Brent, Alabama: Standard American Publishing, 2022
Under the tutelage of Lee Pefley, Reuben learned what must be done. And when the time came, he left Alabama and took up the task of conquering the world, or at least the Occidental share of it. This novel chronicles Reuben’s necessary, great, and terrible deeds.
“Reuben is my favorite Tito Perdue novel. Reuben is a satirical meditation on the fallen state of white America and how a white vanguard might be organized to turn the world around. The story begins when a thug named Reuben chances upon a teacher, Tito Perdue’s alter ego Lee Pefley, who fashions him into a cultured thug and a man of destiny. Reuben is a masterful piece of writing, moving effortlessly between mythic, epic, and satirical modes. It is also highly entertaining and thought-provoking, with biting humor and arresting turns of phrase on every page.”
—Greg Johnson, author of The Year America Died
“The unforgettable character of Lee Pefley embodies a paradox that some of those who seem by today’s standards to be the most acerbic, the most misanthropic, the most irrelevant and out of touch may secretly be the greatest idealists of all.”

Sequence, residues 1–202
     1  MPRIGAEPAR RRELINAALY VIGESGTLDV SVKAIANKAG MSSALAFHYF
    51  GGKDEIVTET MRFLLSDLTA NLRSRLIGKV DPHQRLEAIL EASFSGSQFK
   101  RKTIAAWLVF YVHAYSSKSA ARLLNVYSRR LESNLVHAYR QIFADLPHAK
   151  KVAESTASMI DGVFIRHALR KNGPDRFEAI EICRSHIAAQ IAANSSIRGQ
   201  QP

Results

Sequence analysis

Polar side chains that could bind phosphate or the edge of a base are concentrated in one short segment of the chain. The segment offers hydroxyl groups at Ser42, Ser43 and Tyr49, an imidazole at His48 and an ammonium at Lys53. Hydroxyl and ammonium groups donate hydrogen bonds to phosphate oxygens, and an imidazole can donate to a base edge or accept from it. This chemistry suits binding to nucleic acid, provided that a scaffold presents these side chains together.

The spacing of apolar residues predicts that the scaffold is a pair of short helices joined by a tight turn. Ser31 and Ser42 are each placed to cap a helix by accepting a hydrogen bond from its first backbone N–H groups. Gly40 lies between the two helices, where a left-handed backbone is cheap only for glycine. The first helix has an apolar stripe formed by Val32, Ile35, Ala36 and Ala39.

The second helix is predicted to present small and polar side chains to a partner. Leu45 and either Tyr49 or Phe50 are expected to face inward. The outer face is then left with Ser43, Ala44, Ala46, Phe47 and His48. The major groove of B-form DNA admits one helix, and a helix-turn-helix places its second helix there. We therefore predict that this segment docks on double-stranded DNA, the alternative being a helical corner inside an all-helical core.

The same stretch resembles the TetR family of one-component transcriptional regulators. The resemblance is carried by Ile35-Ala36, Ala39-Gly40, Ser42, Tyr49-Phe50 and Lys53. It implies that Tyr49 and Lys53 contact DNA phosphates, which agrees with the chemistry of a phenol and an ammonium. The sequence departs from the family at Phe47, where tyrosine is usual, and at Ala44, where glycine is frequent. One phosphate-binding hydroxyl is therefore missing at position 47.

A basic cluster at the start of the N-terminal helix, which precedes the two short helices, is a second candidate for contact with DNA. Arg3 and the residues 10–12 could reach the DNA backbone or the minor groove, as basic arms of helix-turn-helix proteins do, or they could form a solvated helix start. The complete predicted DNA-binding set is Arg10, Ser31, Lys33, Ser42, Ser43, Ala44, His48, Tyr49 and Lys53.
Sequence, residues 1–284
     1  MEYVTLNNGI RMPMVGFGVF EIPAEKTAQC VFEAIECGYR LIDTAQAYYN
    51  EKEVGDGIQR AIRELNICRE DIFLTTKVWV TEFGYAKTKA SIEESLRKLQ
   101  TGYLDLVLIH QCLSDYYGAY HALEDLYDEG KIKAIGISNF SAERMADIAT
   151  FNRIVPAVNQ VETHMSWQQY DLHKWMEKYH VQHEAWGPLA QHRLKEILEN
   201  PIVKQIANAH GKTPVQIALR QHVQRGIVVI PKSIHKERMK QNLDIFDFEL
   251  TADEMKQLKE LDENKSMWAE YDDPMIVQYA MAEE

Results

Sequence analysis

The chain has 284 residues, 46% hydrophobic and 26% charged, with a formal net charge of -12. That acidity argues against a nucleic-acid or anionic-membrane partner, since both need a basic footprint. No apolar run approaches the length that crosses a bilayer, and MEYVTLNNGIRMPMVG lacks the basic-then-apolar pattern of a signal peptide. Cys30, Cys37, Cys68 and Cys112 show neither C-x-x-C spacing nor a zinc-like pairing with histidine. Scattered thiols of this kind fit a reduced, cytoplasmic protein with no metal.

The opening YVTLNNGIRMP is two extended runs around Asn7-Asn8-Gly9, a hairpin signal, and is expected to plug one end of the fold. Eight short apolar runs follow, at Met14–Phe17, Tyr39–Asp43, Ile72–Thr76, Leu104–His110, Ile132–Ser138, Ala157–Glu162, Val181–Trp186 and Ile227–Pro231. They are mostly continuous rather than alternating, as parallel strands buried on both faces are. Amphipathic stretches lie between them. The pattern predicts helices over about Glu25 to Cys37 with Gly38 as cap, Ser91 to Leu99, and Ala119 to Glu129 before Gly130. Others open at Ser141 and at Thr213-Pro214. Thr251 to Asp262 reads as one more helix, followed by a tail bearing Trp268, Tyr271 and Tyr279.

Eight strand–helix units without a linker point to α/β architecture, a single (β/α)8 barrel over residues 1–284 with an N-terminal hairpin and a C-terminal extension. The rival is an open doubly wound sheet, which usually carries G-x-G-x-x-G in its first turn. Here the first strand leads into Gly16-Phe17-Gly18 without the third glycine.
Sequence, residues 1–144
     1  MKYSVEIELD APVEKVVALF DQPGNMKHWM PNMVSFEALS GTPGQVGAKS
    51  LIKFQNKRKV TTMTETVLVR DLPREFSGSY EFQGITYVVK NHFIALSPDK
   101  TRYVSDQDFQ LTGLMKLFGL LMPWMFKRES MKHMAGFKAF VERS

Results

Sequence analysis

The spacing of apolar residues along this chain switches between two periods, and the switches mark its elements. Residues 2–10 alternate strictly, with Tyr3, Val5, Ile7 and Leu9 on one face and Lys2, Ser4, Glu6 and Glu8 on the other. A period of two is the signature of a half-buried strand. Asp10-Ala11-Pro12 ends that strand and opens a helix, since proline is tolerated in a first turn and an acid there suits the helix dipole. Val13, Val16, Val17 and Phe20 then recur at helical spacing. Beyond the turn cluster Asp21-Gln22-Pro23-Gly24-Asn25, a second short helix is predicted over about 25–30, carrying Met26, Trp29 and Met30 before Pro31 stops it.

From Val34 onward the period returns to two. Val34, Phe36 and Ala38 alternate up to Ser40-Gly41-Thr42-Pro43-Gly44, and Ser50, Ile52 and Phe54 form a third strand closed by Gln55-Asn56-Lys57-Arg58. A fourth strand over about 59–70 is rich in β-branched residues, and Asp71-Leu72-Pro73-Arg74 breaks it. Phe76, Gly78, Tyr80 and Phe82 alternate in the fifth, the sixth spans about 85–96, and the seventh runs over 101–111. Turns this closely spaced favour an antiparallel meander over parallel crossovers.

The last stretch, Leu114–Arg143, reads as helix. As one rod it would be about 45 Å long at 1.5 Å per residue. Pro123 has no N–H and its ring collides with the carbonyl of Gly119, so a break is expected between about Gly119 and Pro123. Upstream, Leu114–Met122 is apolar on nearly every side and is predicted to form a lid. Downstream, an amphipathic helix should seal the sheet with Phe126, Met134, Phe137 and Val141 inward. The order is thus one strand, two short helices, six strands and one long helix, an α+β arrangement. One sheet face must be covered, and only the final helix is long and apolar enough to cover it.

—Derek Turner, The Quarterly Review
About the Author
Tito Perdue is the author of twenty-three novels, including Lee (1991), The New Austerities (1994), Opportunities in Alabama Agriculture (1994), The Sweet-Scented Manuscript (2004), Fields of Asphodel (2007), The Node (2011), Morning Crafts (2013), the William’s House quartet (2016), Cynosura (2017), Philip (2017), The Bent Pyramid (2018), Though We Be Dead, Yet Our Day Will Come (2018), The Philatelist (2018), The Smut Book (2018), The Gizmo (2019), Love Song of the Australopiths (2020), Materials for All Future Historians (2020), and Vade Mecum (2021). In 2015, he received the H. P. Lovecraft Prize for Literature.